“The difference between digital space and material artefact manifests itself in a number of ways. With the digital landscape being infinite, curation is open to anything with a compelling use of form language between 1950 and 1980. With the finite space of print it takes a more personal approach, so anything that really speaks to me on a personal level, something that has a joy in its metaphor or a sophistication in its abstraction.
“A critical relationship between LogoArchive online and LogoArchive in print is formed by maintaining a white on black distinction, where logo books are typically black on white. This also provided the potential to acknowledge LogoArchive’s new physical context through the uncoated and dyed qualities of Colorplan Ebony, the physical layering of white ink, and binding with black staples.
“It was a challenge to print white on black while avoiding the expense of foil and screen printing. WithPrint did a fantastic digital print job, maintaining sharp edges and making the white on black as white as possible.
“As it’s a small booklet (10pp plus cover), details such as consistent layering of ink through eight passes, carefully trimming the dyed, uncoated paper, and the use of black staples were essential. They help to justify its price point, which, at five pounds, aims to be just a little more than an expensive birthday card, and hopefully sets LogoArchive up for a second edition. I ran 400 and have 100 left. There may be another run later but I want to get on with the next edition.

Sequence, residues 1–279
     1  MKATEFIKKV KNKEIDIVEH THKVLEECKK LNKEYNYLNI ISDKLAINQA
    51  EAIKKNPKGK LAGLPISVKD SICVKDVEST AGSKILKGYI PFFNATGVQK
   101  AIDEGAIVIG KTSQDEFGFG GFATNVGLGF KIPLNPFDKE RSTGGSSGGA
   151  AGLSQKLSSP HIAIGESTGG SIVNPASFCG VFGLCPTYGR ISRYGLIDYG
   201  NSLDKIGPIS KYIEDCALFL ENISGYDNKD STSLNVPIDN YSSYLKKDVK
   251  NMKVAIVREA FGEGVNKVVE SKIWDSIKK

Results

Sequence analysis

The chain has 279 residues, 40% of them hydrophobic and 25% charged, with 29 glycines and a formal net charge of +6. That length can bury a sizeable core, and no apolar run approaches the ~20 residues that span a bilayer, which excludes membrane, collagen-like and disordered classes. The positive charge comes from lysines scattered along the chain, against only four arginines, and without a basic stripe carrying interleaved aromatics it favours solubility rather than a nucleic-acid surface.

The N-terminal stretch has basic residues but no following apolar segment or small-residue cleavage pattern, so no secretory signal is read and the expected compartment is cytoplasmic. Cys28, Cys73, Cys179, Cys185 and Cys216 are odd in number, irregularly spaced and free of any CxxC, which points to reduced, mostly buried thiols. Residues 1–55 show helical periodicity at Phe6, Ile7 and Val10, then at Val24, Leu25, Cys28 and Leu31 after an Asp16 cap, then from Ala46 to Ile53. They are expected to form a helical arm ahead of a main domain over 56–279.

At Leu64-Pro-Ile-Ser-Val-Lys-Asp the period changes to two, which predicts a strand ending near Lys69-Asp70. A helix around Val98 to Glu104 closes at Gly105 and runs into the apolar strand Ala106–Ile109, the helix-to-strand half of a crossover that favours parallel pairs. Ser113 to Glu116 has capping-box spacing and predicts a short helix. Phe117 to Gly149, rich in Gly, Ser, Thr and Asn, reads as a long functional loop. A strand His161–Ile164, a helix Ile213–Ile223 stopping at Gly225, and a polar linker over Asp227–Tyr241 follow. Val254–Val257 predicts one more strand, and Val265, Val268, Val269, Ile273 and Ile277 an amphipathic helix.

“Getting the ISBN number was a first for me. I’ve generated barcodes for clients in the past, but never registered as a publisher and requested a number. It’s a fairly straightforward process through Nielsen BookServices, costing £89 for one, or £149 for 10. A barcode was generated using a few online tools and knocked out of a block of white. There is a requirement to submit any publication with an ISBN number to five institutions, one of which is the British library.
“A critical part of LogoArchive in print is its story — its capacity to take something pragmatic, like research and documentation, and give it a personal component. There are a lot of logo books out there, so this mix of story, new mode of delivery, and distinct materiality intends to separate LogoArchive and lay the foundation for an ongoing relationship with readers.”
LogoArchive (featured previously) is a recovery, research, and restoration project by designer Rich Baird. LogoArchive #1 is distributed by Counter-Print, and stocked by Magma Books, magCulture, and Standards Manual.
Update: LogoArchive #2 is now available.
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